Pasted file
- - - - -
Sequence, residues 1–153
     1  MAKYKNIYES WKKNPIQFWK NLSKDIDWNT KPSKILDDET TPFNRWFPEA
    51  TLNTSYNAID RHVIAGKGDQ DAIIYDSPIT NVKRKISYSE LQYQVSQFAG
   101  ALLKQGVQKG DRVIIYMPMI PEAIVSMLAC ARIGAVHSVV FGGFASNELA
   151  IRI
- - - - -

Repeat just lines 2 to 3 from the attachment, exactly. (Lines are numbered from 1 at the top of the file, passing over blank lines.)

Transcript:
     1  MAKYKNIYES WKKNPIQFWK NLSKDIDWNT KPSKILDDET TPFNRWFPEA
    51  TLNTSYNAID RHVIAGKGDQ DAIIYDSPIT NVKRKISYSE LQYQVSQFAG